“As a Big Four firm, we play a crucial role in the capital markets and the investor is at the center of everything we do,” Flynn said. “Whether the accounting standard is U.S. GAAP or IFRS, it's our job to carry out a financial statement audit so that the financial statements are reliable, relevant, comprehensive, and will facilitate economic decisions of investors. We can also help our non-audit clients to develop and implement a comprehensive transition plan.

“There is strong demand today for quality and integrity in financial reporting. When there is a uniform language for all, the investors will benefit from consistency and clarity in connection with reports from all over the world,” he said.

KPMG's Knowledge Institutes

KPMG has previously established knowledge institutes aimed at helping promote dialogue, sharing knowledge and solving business issues among various stakeholders. These include:

  • KPMG's Audit Committee Institute (ACI), created in 1999, is dedicated to assisting audit committees and senior management in meeting their ability to address the changes in expectations for audit committee members and helping them to implement effective audit committee processes.
  • The 404 Institute, established in 2004 to help improve the quality and integrity of the financial reporting process.
  • The Tax Governance Institute (TGI), established by KPMG to create an open forum for exploring and debating key aspects of tax risk oversight and management.
  • The Global Energy Institute (GEI), which provides a forum for executives to share knowledge, gain insights, and access thought leadership about key oil and gas or power and utilities issues and emerging trends.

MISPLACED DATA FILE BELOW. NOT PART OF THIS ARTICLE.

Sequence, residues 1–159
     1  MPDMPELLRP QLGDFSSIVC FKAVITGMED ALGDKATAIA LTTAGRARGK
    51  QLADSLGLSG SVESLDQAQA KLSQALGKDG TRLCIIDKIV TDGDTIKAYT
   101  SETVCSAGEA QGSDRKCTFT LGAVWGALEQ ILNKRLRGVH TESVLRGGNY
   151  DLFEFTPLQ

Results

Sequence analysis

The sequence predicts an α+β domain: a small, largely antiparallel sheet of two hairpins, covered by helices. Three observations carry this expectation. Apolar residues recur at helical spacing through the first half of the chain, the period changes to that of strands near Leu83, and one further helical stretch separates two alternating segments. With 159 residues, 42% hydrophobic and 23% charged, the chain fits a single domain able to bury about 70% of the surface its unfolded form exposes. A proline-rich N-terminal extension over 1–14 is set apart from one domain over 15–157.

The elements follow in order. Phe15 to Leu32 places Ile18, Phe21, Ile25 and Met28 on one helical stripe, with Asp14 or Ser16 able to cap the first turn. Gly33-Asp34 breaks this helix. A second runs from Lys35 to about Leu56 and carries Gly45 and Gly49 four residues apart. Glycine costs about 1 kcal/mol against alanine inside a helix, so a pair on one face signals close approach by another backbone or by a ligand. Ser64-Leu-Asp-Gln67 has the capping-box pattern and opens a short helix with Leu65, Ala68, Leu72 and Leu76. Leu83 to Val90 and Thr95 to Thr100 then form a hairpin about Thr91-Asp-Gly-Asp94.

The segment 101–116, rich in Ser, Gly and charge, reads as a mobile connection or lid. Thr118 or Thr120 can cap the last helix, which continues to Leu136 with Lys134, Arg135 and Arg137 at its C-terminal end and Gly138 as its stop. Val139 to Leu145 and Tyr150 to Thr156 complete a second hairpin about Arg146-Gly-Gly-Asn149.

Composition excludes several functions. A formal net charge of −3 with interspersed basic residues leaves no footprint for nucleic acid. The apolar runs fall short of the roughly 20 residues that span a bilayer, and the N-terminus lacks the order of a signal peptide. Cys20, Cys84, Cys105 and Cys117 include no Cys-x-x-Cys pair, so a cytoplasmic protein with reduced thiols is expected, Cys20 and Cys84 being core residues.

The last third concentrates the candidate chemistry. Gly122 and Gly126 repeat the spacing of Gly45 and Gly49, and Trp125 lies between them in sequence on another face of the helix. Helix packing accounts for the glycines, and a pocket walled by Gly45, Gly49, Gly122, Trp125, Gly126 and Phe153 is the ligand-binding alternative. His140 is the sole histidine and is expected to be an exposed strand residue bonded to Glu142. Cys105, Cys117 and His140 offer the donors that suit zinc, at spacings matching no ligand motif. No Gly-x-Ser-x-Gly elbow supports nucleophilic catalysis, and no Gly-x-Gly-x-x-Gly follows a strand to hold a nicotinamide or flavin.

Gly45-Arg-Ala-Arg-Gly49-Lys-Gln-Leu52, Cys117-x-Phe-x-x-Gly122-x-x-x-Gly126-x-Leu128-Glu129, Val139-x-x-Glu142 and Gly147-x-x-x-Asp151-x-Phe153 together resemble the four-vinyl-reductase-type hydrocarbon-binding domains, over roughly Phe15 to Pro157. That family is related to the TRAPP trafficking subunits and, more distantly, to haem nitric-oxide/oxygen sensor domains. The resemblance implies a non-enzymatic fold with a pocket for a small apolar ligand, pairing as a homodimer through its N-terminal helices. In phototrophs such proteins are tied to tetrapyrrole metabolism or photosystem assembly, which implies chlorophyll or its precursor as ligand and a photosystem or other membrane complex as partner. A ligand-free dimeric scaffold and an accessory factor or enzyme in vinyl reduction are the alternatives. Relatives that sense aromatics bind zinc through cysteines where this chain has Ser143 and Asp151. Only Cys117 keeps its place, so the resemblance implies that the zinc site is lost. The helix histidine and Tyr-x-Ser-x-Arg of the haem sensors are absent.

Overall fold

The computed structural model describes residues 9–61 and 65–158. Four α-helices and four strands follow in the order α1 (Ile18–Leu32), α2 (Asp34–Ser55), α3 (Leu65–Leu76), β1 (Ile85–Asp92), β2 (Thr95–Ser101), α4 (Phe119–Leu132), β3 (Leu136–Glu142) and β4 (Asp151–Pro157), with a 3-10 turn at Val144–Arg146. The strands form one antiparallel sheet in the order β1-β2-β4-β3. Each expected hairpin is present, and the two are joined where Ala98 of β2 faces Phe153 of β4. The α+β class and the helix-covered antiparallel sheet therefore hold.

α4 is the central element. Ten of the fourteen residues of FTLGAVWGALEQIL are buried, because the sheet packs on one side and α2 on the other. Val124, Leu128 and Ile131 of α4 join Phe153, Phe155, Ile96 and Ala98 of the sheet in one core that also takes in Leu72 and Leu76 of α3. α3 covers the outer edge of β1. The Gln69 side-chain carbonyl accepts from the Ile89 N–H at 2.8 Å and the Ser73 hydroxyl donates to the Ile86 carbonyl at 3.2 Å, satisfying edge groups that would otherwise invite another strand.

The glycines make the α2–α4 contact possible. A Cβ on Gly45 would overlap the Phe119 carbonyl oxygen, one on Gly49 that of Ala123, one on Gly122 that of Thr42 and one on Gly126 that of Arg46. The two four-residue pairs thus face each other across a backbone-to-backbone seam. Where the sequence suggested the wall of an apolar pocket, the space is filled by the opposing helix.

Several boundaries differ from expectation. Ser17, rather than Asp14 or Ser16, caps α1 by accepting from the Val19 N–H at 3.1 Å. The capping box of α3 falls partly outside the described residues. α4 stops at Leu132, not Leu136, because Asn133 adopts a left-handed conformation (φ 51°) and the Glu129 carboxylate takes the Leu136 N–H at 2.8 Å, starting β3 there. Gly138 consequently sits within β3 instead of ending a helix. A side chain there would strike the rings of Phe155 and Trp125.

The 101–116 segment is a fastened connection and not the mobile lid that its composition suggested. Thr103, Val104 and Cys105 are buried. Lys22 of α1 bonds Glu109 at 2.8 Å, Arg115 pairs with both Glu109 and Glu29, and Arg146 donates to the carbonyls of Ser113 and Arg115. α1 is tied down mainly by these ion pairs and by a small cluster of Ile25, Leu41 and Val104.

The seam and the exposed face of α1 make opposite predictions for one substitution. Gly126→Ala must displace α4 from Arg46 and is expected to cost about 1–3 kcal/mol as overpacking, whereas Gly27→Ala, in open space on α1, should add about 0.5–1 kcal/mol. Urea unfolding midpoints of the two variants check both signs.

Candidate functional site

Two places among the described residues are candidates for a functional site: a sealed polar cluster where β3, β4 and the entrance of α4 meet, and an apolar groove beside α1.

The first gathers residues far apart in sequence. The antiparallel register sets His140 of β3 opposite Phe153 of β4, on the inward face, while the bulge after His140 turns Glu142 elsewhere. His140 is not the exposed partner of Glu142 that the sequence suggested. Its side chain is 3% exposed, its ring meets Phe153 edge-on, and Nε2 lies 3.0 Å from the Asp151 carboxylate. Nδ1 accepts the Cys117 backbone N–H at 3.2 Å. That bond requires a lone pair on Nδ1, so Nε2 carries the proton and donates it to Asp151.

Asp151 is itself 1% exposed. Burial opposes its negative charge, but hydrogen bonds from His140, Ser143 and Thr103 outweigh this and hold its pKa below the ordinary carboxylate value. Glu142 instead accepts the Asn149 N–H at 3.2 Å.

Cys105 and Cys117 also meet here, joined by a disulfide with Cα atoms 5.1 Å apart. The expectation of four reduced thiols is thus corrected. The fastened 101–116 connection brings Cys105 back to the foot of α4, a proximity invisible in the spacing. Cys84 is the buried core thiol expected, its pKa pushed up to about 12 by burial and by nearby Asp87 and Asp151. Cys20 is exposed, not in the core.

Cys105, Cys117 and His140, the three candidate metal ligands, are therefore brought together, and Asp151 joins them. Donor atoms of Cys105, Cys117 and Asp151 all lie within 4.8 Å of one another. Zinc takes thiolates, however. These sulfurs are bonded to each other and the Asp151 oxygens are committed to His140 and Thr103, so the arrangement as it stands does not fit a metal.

• The Global Enterprise Institute, developed for Mid Market companies going global or preparing to do business outside the United States.
  • KPMG IFRS Institute Inaugural Web CastThe IFRS Institute's first Web cast, “IFRS: Insights on Adoption and Potential Impact in the U.S.,” will provide perspective on the benefits and challenges of IFRS implementation, critical success factors involved in planning a conversion, and advantages to adopting the new standard. It will be held May 1 from 11:00 a.m. – 12:00 p.m. EDT. KPMG has established a members-only Web site for the new Institute. To access the Web site, or to register for the Web cast, click on

    Janice D. Patrisso BioJanice Patrisso is a KPMG partner with 26 years of extensive experience in audit and advisory services. Patrisso joined KPMG in 1982, and later served a three-year rotation in the department of professional practice. In 1996, she was admitted to the partnership and has provided audit and advisory services to both public and private organizations. She has also served as a Sarbanes-Oxley resource partner, and, for more than 20 years, has been a national instructor for the firm. Recently she has been the Northeast area risk management partner, overseeing advisory services.A resident of Montville, N.J., she earned a Bachelor of Science degree in accounting at Seton Hall University, graduating magna cum laude. She has long supported KPMG's recruiting efforts at the university and, in 1998, was named Alumna of the Year by the Beta Alpha Psi chapter at Seton Hall. About KPMG LLPKPMG LLP, the audit, tax and advisory firm (, is the U.S. member firm of KPMG International. KPMG International's member firms have 123,000 professionals, including more than 7,100 partners, in 145 countries.